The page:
Self-Injury Awareness Day (SIAD) occurs on 1st March every year, and has done so for seventeen years or more.
Raising awareness about self-injury is incredibly important. Awareness leads to understanding and empathy, banishing judgment and fear, and reducing the number of people who feel alone and suffer in silence. LifeSIGNS (Self-Injury Guidance & Network Support) is an online, user-led voluntary organization, founded in 2002 to create understanding about self-injury and is proud to have supported Self-Injury Awareness Day for well over a decade, and it is the number one resource for SIAD material. For more information, go to the Self Injury Awareness Day website.
Self-injury or self-harming is when people deliberately hurt themselves physically to deal with the emotional pain they are suffering.
When it comes to self-harm, cutting is thought of as the main way people hurt themselves. But burning, bruising and scratching are amongst other methods used by people who are distressed. Another misconception is that it’s mainly teenage girls who use this coping mechanism – people of both sexes and all ages, races and backgrounds are known to use it.
This mechanism can provide people with a sensation that ‘breaks feelings of numbness’ or emotional pain caused by issues such as low-self-esteem, trauma, perfectionism and abuse. A person can go on suffering like this while telling no-one and feeling unable to break the cycle.
It’s a perplexing phenomenon with many names-self-injury, self-harm, self-mutilation, self-inflicted violence, self-cutting, and self-abuse to name some. Furthermore, research suggests that it is a frequent companion to eating disorders, alcohol and drug abuse, depression, post-traumatic stress disorder, borderline personality disorder, and disassociate disorders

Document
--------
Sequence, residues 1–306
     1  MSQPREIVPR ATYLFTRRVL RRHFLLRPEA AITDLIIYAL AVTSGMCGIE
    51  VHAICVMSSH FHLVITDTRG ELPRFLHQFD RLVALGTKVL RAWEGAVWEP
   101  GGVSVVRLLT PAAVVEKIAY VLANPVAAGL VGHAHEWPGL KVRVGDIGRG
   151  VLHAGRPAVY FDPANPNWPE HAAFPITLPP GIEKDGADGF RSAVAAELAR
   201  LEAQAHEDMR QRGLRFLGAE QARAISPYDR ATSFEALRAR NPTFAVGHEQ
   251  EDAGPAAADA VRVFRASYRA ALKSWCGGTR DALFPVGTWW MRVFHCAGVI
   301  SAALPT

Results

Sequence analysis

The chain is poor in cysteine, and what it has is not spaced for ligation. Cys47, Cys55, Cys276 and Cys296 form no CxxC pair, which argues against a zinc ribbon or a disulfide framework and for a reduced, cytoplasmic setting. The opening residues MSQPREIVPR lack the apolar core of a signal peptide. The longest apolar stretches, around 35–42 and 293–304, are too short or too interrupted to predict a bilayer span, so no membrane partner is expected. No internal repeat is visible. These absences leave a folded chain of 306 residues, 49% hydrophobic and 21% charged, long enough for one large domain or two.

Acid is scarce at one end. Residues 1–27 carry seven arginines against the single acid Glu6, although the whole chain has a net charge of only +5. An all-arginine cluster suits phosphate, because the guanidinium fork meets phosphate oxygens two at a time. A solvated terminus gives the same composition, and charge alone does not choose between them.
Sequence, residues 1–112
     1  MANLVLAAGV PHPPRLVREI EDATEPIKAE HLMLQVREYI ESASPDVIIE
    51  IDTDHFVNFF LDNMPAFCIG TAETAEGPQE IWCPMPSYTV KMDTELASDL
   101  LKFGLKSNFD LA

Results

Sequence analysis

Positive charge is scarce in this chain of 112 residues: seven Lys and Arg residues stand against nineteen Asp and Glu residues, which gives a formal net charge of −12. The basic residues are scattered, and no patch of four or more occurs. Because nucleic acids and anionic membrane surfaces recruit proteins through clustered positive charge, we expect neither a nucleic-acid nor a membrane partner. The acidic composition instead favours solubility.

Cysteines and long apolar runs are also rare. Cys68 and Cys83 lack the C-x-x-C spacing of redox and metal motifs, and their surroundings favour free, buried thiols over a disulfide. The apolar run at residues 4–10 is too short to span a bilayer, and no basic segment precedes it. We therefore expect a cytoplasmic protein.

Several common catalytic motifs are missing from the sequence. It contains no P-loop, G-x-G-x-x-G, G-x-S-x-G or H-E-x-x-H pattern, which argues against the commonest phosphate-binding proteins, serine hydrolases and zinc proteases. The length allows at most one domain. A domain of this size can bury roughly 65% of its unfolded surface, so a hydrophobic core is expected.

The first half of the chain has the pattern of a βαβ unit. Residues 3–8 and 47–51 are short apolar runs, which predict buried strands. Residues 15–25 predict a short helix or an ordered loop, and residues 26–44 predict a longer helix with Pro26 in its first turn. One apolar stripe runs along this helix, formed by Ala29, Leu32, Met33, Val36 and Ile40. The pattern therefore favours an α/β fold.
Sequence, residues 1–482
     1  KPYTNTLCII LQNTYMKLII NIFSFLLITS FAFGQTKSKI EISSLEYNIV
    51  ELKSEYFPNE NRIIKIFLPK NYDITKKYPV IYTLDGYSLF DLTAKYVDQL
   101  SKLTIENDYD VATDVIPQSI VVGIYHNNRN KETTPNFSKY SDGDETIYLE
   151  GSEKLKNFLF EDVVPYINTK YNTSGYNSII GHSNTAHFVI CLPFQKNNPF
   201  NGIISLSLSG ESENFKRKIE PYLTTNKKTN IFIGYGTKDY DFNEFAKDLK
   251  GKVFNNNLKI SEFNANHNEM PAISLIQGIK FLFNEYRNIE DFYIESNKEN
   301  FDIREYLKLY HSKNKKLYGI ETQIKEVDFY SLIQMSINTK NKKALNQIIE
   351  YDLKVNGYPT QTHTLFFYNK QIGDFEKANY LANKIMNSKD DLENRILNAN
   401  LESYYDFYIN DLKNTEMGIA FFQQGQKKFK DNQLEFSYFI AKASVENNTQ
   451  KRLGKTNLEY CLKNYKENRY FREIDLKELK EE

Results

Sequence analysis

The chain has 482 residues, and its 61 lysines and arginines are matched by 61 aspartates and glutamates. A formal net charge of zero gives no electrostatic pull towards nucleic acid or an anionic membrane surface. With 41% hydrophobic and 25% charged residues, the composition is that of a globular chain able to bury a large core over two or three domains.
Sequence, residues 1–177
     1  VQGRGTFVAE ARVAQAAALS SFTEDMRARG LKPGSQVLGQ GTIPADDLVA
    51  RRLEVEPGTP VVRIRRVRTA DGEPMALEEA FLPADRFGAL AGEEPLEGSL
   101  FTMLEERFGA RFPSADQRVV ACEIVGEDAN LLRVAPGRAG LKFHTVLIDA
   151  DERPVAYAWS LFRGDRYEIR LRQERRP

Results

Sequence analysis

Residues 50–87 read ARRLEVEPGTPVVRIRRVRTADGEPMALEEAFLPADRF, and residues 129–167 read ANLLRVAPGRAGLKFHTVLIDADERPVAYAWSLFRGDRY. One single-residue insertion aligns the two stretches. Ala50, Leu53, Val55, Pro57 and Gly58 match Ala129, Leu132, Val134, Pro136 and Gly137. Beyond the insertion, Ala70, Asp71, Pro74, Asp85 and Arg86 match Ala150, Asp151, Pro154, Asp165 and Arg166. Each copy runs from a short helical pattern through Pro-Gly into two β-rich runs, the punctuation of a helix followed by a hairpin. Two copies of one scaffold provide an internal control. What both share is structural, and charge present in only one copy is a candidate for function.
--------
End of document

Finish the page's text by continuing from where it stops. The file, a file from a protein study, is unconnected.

Talking about self-injury can be really hard. You might feel it’s easier to talk about ‘feelings” or your stress or the things that you feel are going wrong for you at the moment. In order to help someone move away from self-injury, treatment and help with the underlying emotional distress is the key. To learn more about self injury please visit The Self Injury Foundation at http://selfinjuryfoundation.org/self-injury-awareness-day.html
Complimentary, Confidential Screenings Available
If you or someone you know may be suffering from self-injury, it can be helpful to talk about these issues with others. It can be difficult to reach out for help, but it is often the first step to recovery and wellness – and recovery is possible!
Check yourself. This step takes fewer than 5 minutes and can make a big difference. A great place to start is a mental health check-up. The Mental Health Association in New Jersey’s NJMentalHealthCares Helpline offers free, anonymous online mental health screenings in cooperation with Mental Health America. Self-assessments are available for depression, anxiety, substance abuse, PTSD and bipolar disorder, as well as screens for youth and parents. Click here to take a mental health screening. After you complete a screening, you’ll receive customized feedback and be provided a zip code search to locate local assistance in determining next steps. You may even want to print out the results and review them with your healthcare provider.
Who Cares! We Do! The NJMentalHealthCares Helpline staff is available to assist with mental health screenings. The number to call is 1-866-202-HELP (4357) (TTY 1-877-294-4356). The screening only takes a few minutes and provides confidential results and information on where to find treatment.
The Mental Health Association in New Jersey strives for mental health for children and adults through advocacy, education, training, and services.